Codes & Procedures

Code of good practice on Operational Requirements:

(1) This Act defines a dismissal based on the operational requirements of an employer as one that is based on the economic, technological, structural or similar needs of the employer. It is difficult to define all the circumstances that might legitimately form the basis of a dismissal for this reason. As a general rule, economic reasons are those that relate to the financial management of the enterprise. Technological reasons refer to the introduction of new technology which affects work relationships either by making existing jobs redundant or byrequiring employees to adapt to the new technology or a consequential restructuring of the workplace. Structural reasons relate to the redundancy of posts consequent to a restructuring of the employer’s enterprise.

(2) Dismissals for operational requirements have been categorised as "no fault"dismissals. In other words, it is not the employee who is responsible for the termination of employment. Because retrenchment is a "no fault" dismissal and because of its human cost, this Act places particular obligations on an employer, most of which are directed toward ensuring that all possible alternatives todismissal are explored and that the employees to be dismissed are treated fairly.

(3) The obligations placed on an employer are both procedural and substantive. The purpose of consultation is to permit the parties, in the form of a joint problem-solving exercise, to strive for consensus if that is possible. The matters on which consultation is necessary are listed in s189(2). This section requires the parties attempt to reach consensus on, amongst other things, appropriate measures to avoid dismissals. In order for this to be effective, the consultation process must commence as soon as a reduction of the workforce, through retrenchments or redundancies, is contemplated by the employer so that possible alternatives can be explored. The employer should in all good faith keep an open mind throughout and seriously consider proposals put forward.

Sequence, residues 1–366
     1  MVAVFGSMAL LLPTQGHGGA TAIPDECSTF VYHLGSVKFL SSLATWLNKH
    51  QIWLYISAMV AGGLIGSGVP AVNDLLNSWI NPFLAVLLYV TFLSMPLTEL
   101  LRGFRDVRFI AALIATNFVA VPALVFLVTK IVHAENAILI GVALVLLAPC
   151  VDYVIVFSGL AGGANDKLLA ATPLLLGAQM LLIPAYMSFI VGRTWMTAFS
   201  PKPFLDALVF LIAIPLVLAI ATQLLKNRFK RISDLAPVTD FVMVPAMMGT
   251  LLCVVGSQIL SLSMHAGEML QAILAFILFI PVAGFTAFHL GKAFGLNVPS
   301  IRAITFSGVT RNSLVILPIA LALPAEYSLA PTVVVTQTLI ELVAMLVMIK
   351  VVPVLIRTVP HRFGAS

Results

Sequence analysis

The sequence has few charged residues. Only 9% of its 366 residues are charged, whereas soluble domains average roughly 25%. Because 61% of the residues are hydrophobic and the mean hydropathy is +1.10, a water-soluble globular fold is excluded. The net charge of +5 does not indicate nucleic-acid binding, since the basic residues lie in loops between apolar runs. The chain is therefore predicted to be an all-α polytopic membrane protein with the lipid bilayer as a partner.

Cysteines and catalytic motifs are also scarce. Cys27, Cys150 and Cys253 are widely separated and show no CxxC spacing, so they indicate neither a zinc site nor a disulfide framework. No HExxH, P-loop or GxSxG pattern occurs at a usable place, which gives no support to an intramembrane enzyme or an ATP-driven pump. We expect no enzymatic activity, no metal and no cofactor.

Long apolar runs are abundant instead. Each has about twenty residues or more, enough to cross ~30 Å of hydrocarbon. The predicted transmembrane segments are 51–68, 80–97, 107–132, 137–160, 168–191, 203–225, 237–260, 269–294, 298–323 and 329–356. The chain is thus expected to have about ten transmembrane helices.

(4) This Act also provides for the disclosure of information by the employer on matters relevant to the consultation. Although the matters over which information for the purposes of consultation is required are specified in s189(3), the list in that section is not a closed one. If considerations other than those that are listed are relevant to the proposed dismissal or the development of alternative proposals, they should be disclosed to the consulting party. In the event of a disagreement about what information is to be disclosed any party may refer the dispute to the CCMA in terms of section 16(6) of this Act.

(5) The period over which consultation should extend is not defined in this Act. The circumstances surrounding the consultation process are relevant to a determination of a reasonable period. Proper consultation will include:

  1. the opportunity to meet and report back to employees;
  2. the opportunity to meet with the employer; and
  3. the request, receipt and consideration of information.

(6) The more urgent the need by the business to respond to the factors giving rise to any contemplated termination of employment, the more truncated the consultation process might be. Urgency may not, however, be induced by the failure to commence the consultation process as soon as a reduction of the workforce was likely. On the other hand the parties who are entitled to be consulted must meet, as soon, and as frequently as, may be reasonably practicable during the consultation process.

(7) If one or more employees are to be selected for dismissal from a number of employees, this Act requires that the criteria for their selection must be either agreed with the consulting party or if no criteria have been agreed be fair and objective criteria.

(8) Criteria that infringe a fundamental right protected by this Act when they are applied, can never be fair. These include selection on the basis of union membership or activity, pregnancy, or some other unfair discriminatory ground. Criteria that are on the face of it neutral should be carefully examined to ensure that when they are applied, they do not have a discriminatory effect. For example, to select only part-time workers for retrenchment might discriminate against women, since women are predominantly employed in part-time work.

(9) Selection criteria that are generally accepted to be fair include length of service, skills and qualifications. Generally the test for fair and objective criteria will be satisfied by the use of the "last in first out" (LIFO) principle. There may be instances where the LIFO principle or other criteria needs to be adapted. The LIFO principle for example should not operate so as to undermine an agreed affirmative action programme. Exceptions may also include the retention of employees based on criteria mentioned above which are fundamental to the successful operation of the business. These exceptions should however be treated with caution.